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, 17 (1), 252

Melicope Ptelefolia Leaf Extracts Exhibit Antioxidant Activity and Exert Anti-Proliferative Effect With Apoptosis Induction on Four Different Cancer Cell Lines

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Melicope Ptelefolia Leaf Extracts Exhibit Antioxidant Activity and Exert Anti-Proliferative Effect With Apoptosis Induction on Four Different Cancer Cell Lines

Mohammad Faujul Kabir et al. BMC Complement Altern Med.

Abstract

Background: Melicope ptelefolia is a well-known herb in a number of Asian countries. It is often used as vegetable salad and traditional medicine to address various ailments. However, not many studies have been currently done to evaluate the medicinal benefits of M. ptelefolia (MP). The present study reports antioxidant, anti-proliferative, and apoptosis induction activities of MP leaf extracts.

Method: Young MP leaves were dried, powdered and extracted sequentially using hexane (HX), ethyl acetate (EA), methanol (MeOH) and water (W). Antioxidant activity was evaluated using ferric reducing antioxidant power (FRAP), 2,2'-azinobis-(3-ethylbenzothiazoline-6-sulfonic acid) (ABTS) and 1,1-Diphenyl-2-picryl-hydrazyl (DPPH) radicals scavenging and cellular antioxidant activity (CAA) assays. Anti-proliferative activity was evaluated through cell viability assay, using the following four human cancer cell lines: breast (HCC1937, MDA-MB-231), colorectal (HCT116) and liver (HepG2). The anti-proliferative activity was further confirmed through cell cycle and apoptosis assays, including annexin-V/7-aminoactinomycin D staining and measurements of caspase enzymes activation and inhibition.

Result: Overall, MP-HX extract exhibited the highest antioxidant potential, with IC50 values of 267.73 ± 5.58 and 327.40 ± 3.80 μg/mL for ABTS and DPPH radical-scavenging assays, respectively. MP-HX demonstrated the highest CAA activity in Hs27 cells, with EC50 of 11.30 ± 0.68 μg/mL, while MP-EA showed EC50 value of 37.32 ± 0.68 μg/mL. MP-HX and MP-EA showed promising anti-proliferative activity towards the four cancer cell lines, with IC50 values that were mostly below 100 μg/mL. MP-HX showed the most notable anti-proliferative activity against MDA-MB-231 (IC50 = 57.81 ± 3.49 μg/mL) and HCT116 (IC50 = 58.04 ± 0.96 μg/mL) while MP-EA showed strongest anti-proliferative activity in HCT116 (IC50 = 64.69 ± 0.72 μg/mL). The anticancer potential of MP-HX and MP-EA were also demonstrated by their ability to induce caspase-dependent apoptotic cell death in all of the cancer cell lines tested. Cell cycle analysis suggested that both the MP-HX and MP-EA extracts were able to disrupt the cell cycle in most of the cancer cell lines.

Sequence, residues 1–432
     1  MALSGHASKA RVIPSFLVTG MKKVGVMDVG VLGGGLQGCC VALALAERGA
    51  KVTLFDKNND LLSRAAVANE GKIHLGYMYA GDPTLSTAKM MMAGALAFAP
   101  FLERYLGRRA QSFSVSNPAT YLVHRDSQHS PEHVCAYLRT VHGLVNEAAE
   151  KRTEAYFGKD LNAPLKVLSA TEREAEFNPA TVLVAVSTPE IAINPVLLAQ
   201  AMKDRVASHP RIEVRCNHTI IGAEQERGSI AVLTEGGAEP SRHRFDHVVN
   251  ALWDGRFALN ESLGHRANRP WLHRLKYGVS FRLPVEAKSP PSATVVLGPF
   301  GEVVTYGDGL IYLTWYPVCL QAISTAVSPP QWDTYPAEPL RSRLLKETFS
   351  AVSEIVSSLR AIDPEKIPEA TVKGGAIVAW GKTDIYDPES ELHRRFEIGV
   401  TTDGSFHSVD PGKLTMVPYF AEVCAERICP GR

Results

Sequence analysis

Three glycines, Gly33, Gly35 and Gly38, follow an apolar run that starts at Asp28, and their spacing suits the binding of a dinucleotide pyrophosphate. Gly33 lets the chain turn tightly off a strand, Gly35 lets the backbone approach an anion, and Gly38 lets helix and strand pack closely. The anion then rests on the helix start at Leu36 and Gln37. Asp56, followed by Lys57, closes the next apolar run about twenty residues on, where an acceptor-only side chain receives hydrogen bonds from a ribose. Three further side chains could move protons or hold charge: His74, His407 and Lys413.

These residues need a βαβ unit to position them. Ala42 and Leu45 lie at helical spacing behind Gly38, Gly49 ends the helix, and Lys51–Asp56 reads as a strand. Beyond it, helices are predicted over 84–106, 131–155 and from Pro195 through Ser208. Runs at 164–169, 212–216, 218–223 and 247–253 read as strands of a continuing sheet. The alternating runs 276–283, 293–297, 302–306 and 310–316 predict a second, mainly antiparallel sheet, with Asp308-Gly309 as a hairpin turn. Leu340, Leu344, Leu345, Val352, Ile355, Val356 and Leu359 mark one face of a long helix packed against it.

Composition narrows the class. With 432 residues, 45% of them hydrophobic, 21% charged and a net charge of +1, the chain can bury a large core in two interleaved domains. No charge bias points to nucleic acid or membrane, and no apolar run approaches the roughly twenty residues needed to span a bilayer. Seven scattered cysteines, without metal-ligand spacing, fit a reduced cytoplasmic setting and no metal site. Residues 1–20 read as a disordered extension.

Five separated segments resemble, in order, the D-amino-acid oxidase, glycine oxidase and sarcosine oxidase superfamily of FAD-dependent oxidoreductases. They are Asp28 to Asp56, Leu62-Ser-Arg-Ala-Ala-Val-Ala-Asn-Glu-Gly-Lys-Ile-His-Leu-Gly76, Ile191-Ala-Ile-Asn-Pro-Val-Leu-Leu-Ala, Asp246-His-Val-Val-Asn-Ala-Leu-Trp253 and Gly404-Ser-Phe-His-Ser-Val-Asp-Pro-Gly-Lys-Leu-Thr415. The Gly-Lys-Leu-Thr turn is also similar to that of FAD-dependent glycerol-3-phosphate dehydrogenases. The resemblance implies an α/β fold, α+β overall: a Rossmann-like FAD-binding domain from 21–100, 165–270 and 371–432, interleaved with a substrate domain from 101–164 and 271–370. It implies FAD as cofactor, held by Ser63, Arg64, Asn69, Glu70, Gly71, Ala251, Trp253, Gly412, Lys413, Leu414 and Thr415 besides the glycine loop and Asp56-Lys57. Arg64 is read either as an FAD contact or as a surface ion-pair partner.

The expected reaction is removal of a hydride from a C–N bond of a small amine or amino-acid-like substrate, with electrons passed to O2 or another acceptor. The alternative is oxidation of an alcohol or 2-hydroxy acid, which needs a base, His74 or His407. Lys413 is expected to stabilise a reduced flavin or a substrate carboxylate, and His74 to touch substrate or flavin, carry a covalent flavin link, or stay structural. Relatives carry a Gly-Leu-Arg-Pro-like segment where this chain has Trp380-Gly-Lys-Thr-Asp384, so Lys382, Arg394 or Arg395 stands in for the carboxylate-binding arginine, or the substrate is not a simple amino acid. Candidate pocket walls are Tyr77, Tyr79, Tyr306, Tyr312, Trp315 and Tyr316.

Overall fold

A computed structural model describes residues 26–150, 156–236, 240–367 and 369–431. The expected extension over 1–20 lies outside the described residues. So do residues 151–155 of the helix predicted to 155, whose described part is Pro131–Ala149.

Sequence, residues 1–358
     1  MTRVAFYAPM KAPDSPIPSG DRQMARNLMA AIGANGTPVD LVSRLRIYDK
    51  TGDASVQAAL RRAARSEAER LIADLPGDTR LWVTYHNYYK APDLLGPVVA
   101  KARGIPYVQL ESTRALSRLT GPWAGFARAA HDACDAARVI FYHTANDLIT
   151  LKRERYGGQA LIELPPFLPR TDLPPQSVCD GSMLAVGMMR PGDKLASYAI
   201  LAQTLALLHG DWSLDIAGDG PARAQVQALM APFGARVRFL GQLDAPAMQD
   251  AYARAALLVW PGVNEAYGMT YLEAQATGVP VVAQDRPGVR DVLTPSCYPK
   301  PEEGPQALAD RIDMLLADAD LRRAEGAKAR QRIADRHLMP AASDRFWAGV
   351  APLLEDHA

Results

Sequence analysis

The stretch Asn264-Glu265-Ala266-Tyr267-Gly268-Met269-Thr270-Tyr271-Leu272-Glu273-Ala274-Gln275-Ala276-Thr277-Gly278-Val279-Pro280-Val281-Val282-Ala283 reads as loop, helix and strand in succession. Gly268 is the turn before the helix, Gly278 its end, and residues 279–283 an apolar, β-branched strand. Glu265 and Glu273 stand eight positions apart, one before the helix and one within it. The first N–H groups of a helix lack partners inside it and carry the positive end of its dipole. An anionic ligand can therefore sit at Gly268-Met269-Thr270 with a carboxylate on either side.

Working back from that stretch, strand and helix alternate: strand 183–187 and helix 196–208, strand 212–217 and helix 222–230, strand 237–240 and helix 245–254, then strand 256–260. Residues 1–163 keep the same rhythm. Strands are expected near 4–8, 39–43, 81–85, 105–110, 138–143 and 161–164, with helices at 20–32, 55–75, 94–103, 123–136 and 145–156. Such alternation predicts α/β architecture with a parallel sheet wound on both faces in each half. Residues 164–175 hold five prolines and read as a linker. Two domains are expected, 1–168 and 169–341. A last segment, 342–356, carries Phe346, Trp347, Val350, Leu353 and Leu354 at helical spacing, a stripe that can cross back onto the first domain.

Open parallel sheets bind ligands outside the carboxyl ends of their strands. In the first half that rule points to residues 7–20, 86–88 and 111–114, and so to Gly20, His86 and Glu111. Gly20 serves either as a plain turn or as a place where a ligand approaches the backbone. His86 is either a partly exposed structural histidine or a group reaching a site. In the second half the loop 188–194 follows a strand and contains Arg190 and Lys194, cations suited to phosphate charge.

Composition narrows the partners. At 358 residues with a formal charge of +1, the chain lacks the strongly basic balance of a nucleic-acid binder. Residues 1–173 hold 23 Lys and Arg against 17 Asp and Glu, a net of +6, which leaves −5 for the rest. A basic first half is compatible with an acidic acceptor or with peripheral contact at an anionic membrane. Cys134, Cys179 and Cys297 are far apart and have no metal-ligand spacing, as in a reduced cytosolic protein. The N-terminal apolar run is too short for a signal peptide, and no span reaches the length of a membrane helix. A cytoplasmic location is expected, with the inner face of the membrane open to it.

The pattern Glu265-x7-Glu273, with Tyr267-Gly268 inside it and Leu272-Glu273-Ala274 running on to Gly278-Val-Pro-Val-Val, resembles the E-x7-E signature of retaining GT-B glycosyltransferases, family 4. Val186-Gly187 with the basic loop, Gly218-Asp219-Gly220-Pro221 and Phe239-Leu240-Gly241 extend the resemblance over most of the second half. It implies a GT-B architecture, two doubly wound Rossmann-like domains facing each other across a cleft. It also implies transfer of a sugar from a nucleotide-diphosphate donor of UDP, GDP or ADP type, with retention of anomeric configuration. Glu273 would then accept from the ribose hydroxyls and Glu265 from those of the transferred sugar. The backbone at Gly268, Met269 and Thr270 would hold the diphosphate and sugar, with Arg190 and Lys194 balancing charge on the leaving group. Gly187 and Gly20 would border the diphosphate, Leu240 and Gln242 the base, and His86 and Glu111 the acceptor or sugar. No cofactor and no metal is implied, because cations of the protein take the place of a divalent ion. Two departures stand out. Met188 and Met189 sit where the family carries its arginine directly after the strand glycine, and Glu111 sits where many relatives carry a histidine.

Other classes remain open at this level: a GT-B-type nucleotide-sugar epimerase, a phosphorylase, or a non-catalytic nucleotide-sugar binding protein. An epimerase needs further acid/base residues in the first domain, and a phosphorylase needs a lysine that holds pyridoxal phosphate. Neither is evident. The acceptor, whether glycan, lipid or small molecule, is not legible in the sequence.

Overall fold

Conclusions: MP-HX and MP-EA extracts demonstrated notable antioxidant, anti-proliferative, apoptosis induction and cancer cell cycle inhibition activities. These findings reflect the promising potentials of MP to be a source of novel phytochemical(s) with health promoting benefits that are also valuable for nutraceutical industry and cancer therapy.

Keywords: Anticancer; Antioxidant activity; Apoptosis; Cell cycle; Cellular antioxidant assay; HCC1937; HCT116; HepG2; MDA-MB-231; Melicope ptelefolia.

Figures

Fig. 1
Fig. 1
Determination of antioxidant components and in vitro antioxidant activities of MP leaf extracts. (a) Total phenolic content, (b) Total flavonoid content, (c) ABTS radical-scavenging, and (d) DPPH radical-scavenging. Values are mean ± SD (n = 3). RB, raspberry; BKB, blackberry; BLB, blueberry; HX, hexane; EA, ethyl acetate; MeOH, methanol; W, water. Means with different letters (a-d) are significantly different (p < 0.05). GAE, gallic acid equivalent; QE, quercetin equivalent; DE, dried extract; Tx, trolox; AA, ascorbic acid; Cn, catechin; Qn, quercetin